People Skills 101: Anger Management
(I wrote this article a few years ago, and I am amazed at how much it applies to current events–jl)
When we talk about management fundamentals, this can refer to managing other people, or it can refer to managing your own life. In either case, when you are talking about managing, you are really talking about managing emotions.
Managing at the emotional level is a broad topic, but today we are here to discuss one single emotion, and that is … anger.
Anger is of course a powerful emotion. It is essential for one to manage it properly, otherwise one risks considerable loss of control.
The expression of anger is often rationalized—or even encouraged—because it is often seen as being a state of righteousness and moral superiority, not to mention a feeling of being deliciously powerful. Many people subscribe to this belief, but this is an illusion.
Anger does not exist by itself in some sort of vacuum. Anger is always a reaction to, and a symptom of, a sense of powerlessness. Understanding this opposite underpinning is key to managing anger.
Perhaps the best way to understand the dynamics of anger is to observe the formula of every “anger indulgence” movie. In this terribly popular entertainment genre, there are always three main characters:
1) An all-powerful bad guy,
2) an average-Joe protagonist (who “wants no trouble”), and
3) a helpless child-victim.
Invariably, the rotten-to-the-core bad guy seeks to harm the totally innocent helpless child. This nonstop bad-guy nastiness generally goes on for about 85 minutes, until your average-Joe protagonist is finally pushed past his patience limit. In the last climactic five minutes of the movie, we get to vicariously enjoy some serious bad-guy smack-down vigilante justice.
Now if the bad guy was not all-evil-all-powerful, and the victim was not all-powerless, the whole exercise would appear somewhat odd. Anger is a specific reaction to a sense of powerlessness. Without the sense of threatened vulnerability to justify it, anger does not even occur.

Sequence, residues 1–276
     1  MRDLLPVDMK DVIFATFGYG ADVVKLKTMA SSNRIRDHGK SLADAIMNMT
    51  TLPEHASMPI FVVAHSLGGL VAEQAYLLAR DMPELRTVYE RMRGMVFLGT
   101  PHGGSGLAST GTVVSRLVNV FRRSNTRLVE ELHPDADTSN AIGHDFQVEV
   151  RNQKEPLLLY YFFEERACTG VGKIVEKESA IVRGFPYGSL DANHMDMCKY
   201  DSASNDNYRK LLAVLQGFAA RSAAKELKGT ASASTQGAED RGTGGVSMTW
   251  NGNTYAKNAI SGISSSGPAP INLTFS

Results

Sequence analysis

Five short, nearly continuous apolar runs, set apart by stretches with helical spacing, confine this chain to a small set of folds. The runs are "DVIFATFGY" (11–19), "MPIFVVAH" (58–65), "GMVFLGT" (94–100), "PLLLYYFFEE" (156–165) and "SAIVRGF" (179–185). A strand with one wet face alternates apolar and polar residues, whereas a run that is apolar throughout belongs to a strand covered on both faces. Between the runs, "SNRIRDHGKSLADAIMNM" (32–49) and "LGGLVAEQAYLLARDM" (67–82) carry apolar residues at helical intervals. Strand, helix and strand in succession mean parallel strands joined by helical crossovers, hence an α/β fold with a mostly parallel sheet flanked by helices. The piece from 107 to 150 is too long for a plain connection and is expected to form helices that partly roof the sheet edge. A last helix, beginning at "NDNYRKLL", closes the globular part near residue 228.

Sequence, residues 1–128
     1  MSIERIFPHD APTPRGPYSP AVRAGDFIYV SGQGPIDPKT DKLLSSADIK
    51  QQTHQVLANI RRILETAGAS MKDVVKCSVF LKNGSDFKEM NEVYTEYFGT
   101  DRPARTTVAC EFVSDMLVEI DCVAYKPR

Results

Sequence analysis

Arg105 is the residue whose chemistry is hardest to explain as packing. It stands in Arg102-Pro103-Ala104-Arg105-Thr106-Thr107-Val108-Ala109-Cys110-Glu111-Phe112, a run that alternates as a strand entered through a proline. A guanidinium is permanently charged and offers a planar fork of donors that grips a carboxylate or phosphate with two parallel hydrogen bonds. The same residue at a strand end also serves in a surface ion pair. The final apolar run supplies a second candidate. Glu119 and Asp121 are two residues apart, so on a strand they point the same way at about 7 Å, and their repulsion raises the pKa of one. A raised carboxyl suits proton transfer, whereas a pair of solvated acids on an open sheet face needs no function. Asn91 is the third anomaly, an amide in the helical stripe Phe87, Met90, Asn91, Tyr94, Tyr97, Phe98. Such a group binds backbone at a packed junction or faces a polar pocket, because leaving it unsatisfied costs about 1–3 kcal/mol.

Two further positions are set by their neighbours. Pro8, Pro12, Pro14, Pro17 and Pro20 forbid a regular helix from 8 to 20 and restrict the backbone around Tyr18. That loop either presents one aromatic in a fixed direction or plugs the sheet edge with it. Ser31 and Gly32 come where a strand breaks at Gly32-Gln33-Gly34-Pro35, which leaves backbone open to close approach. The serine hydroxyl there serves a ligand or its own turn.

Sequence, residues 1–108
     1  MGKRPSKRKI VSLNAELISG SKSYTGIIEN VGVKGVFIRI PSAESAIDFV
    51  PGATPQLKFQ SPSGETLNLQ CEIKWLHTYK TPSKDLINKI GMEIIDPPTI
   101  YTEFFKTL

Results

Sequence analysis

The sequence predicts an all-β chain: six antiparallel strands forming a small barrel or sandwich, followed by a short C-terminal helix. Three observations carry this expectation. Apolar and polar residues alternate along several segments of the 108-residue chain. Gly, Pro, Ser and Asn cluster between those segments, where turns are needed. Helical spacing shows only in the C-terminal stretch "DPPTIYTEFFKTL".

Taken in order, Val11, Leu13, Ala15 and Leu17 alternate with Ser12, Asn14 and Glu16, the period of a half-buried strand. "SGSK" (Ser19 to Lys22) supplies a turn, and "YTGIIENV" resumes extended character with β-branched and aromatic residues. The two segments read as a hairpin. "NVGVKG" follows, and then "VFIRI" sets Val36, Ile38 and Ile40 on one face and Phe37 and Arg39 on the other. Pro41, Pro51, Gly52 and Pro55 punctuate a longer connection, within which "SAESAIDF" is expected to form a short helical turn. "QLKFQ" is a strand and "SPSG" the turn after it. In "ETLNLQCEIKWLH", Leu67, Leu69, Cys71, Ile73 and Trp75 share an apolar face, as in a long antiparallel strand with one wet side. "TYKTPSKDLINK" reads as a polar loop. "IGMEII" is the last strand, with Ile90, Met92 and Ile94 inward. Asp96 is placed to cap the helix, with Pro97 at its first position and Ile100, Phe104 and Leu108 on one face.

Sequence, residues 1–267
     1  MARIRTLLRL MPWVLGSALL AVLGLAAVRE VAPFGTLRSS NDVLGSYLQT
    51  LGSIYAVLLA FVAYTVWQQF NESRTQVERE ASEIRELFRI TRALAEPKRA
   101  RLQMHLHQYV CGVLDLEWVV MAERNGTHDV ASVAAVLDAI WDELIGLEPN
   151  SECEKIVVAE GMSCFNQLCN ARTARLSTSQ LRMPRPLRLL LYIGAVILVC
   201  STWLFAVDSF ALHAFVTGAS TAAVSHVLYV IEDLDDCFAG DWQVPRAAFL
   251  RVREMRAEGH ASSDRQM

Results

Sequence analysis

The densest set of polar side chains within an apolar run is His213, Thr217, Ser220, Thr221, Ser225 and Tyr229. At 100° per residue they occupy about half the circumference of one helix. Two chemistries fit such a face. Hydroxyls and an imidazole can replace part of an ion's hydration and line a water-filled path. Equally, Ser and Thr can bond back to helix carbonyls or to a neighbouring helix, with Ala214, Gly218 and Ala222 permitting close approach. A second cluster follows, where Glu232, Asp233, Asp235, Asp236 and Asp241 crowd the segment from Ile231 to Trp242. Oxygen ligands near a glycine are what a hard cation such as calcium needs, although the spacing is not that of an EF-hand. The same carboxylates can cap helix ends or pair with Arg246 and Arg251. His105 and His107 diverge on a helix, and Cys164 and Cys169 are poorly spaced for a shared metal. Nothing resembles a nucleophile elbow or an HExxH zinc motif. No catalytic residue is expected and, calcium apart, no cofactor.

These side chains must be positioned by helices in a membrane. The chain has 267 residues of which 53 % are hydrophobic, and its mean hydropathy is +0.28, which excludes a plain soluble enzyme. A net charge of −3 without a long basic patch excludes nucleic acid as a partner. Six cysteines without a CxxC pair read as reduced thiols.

We can all relate to this story line because at some level, we all feel like an innocent victim sometimes. Most of us tend to be far more aware of our own vulnerability and weaknesses than we are of those of other people. We also tend to see others as being far more powerful than they really are. Our anger response feels good, at least for a moment, and as a result, anger becomes a common part of our modern political discourse, as well as our entertainment, and is becoming more so.
Anger Management: the Machiavellian Flip Side
While we usually speak of anger as something to be “managed,” i.e., controlled, there is just as much technique to be appreciated in the cultivation of it. Inciting anger in others is a handy, if morally ambiguous, management tool. Putting people into a state of fearful outrage is a great way of keeping them off balance and encouraging confrontation among factions that might otherwise unite against you. Many people incite anger to advance their cause. Like Iago, they will tell you stories of your vulnerability and/or trust being abused by their political opponent, making you fly into a rage where you can no longer think calmly and rationally. It’s easy to get caught up in this kind of thing, so it is important to see these things as what they are, i.e., commonly used manipulative ploys.
If you have just been told of an extreme abuse of evil power and it makes you angry, always take a minute to think about it. It is tempting to indulge in the immediate easy fantasy of indignant righteousness. It is easy to automatically fly to a state of defending an innocent victim from extreme attack. But if you remain calm and objective, you will always be far more capable of coping effectively with the situation, even if the accusations are true– which they seldom are.
Anger Is a Symptom of Perceived Helplessness
If you believe that a state of anger is the only way you can feel empowered, then you face a nasty conundrum: you have to increase your fear in order to achieve that greater anger. Amplifying your sense of powerlessness in order to make yourself feel empowered is somewhat contradictory. Anger promises power, but never really delivers. It’s a classic vicious cycle.
Since anger is a marker of a sense of powerlessness, this is a handy thing to know when dealing with an angry person. Instead of taking their anger at its face value, try to step back and see the underlying cause, i.e., the sense of powerlessness in them that is causing it, and address this problem at its root. Look past the anger and see the innocent victim beneath. Try to calm them by pointing out what power they do have.
The Illusory Power of Anger vs. the Real Power of Calm Reflection
Anger is not noble, nor is it evidence of moral superiority. Anger is a state of trying to compensate for a perceived lack of power. It functions as an escape from reality, much like alcohol.
No matter what the problem is, you are more powerful than you think. Calm reflection and persistence are always more effective, both in solving any problem, and in drawing more supportive energy to you. -jl
(Originally published in AICPA Magazine.)
Photo Credit: javonbrown Flickr via Compfight cc